You hear it all the time: Kids are often more tech-savvy than their teachers. And these days, it’s not uncommon for their parents to be just as comfortable using new communications technologies. That’s why, if you want to stay connected with your extended classroom family, it’s no longer enough to just offer parent portals on the student information system or to autodial households with announcements.
“Sending stuff home with the kids is sneakernet,” says Doug Johnson, the director of technology for the Burnsville-Eagan-Savage School Independent District in Burnsville, Minnesota. He says most of his students’ parents prefer to be contacted by text.
All of your communication routes need to be digitally savvy, confirms Sharon Davison, a kindergarten teacher with Chittenden South Supervisory Union in Williston, Vermont. “At the heart of my work as a teacher, I need to continually offer parents hope and offer them endless opportunities to connect with the learning their child is engaged in,” she says.
As an educator who is also a parent, Johnson understands that angle. When he’s on the parenting side of the equation, he finds himself asking, “What do teachers want from me and my child?” Many adults in your district are conditioned to having messages pushed out to them instead of searching for what they want to know.
The easy answer? Social media, of course.
Get your message across
Here are a few classroom-tested approaches to keep you connected to your kids’ parents:
Get their attention. Davison begins by offering parents training sessions so they are up to speed on the digital tools she’s incorporating throughout the year, including Twitter and Kidblog. Using her Smart board, she covers the practical applications as well as how and why she will use these tools, and then she gives the adults a chance for hands-on playtime. She’s currently exploring how video can help and plans to ask a parent to use their iPad or iPhone to record the session, which she will post to YouTube.
In this same vein, Davison holds frequent “celebrations of learning” events throughout the year where parents are invited to drop in between 7:15 and 8:30 a.m. Grandma or Grandpa can’t come? Parents are encouraged to use their smart devices to walk through the classroom with students and FaceTime their absent supporters.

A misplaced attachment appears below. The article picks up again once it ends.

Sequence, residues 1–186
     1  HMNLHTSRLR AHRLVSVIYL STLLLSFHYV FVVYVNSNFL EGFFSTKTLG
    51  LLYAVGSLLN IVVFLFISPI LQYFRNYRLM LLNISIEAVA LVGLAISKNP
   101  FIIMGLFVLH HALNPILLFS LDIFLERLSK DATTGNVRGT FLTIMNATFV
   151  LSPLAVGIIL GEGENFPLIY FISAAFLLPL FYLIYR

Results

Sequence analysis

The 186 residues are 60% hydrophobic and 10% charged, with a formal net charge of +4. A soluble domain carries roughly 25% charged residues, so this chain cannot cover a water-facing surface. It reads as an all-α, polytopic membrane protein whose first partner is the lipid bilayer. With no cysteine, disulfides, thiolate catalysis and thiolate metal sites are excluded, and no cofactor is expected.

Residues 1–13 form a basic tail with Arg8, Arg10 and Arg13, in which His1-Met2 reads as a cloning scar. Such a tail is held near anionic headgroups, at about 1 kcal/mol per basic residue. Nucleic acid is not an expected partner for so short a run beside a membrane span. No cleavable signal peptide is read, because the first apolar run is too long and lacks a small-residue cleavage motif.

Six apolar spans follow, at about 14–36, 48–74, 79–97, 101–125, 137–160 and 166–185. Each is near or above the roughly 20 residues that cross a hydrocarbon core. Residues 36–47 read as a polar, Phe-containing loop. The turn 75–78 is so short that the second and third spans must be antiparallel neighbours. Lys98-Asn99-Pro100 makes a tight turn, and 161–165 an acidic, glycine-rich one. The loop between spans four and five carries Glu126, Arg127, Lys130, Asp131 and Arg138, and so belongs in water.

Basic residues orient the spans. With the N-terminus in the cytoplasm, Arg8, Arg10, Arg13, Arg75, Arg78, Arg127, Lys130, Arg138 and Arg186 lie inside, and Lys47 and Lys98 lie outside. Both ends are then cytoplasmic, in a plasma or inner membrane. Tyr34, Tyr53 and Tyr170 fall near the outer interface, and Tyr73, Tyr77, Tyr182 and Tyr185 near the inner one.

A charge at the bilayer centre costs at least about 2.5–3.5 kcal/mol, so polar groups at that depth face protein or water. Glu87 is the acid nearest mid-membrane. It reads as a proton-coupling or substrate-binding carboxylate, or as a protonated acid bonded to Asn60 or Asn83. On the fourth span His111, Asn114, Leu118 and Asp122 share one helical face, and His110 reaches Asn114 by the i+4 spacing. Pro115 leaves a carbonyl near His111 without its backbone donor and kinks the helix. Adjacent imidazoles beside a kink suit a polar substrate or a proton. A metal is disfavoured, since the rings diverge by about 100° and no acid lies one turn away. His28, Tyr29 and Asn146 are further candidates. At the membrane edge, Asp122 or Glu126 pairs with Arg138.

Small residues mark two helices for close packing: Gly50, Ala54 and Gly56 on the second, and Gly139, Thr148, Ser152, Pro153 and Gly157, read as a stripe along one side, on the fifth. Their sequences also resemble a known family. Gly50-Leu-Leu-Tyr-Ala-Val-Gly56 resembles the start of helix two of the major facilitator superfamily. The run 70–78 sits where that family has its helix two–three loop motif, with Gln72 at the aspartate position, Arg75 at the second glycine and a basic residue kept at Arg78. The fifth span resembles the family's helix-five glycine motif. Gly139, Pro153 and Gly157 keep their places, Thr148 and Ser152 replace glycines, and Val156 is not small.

Set up a class blog or five. Keep the topics narrow, and launch as many as you need to cover classroom news, supplemental lesson materials and general adult communication about classroom goals. Consider updating daily for the first four weeks of a semester to get parents used to looking at the site with their children. And definitely email/text/smoke signal the URLs as often as necessary.
Use hashtags to provide quick updates. Establish Twitter hashtags so students can share quick snippets of what they’re learning during the day with their families. This is the fun step, but it works most effectively if you connect parents to the tools and set up a class blog first.
Go nuts with the tools
Now that you have the basics in place, it’s time to add depth. The number of tools available is staggering, which means you can use a different one for each need if you want.
Google Forms. Create online parent consent forms for a variety of activities.
Skype. Set up an easy video conference for a face-to-face conversation with parents and/or students. As a bonus, the public nature of this tool means it provide lots of opportunities for digital citizenship lessons.
Kidblog. On this paid blogging platform, individual students as young as kindergartners can run their own individual blogs. Have them start on the simple side with writing titles and adding pictures from Doodle Buddy. Parents receive an email to the link and can comment online.
Audio memos. This podcasting app can be used to capture students reading orally so you can email the recording to their family members and vice versa. It was the perfect answer when one of Davison’s students wanted to sit in a different spot but was too shy to speak up in class. She sent her teacher a podcast with the request and explanation.
Remind. This service uses a short code to send alerts to students and/or parents. It’s a bit like autodialing: You install phone numbers for your class into the program, and bingo! You’re sending text reminders to groups of constituents.
Check your learning management system to see what social network components may be in place there as well. Johnson tags itslearning and Moodle, for example.
In the end, these digital tools enrich learning and offer opportunities for students, parents and teachers to hold reflective conversations in and outside the classroom.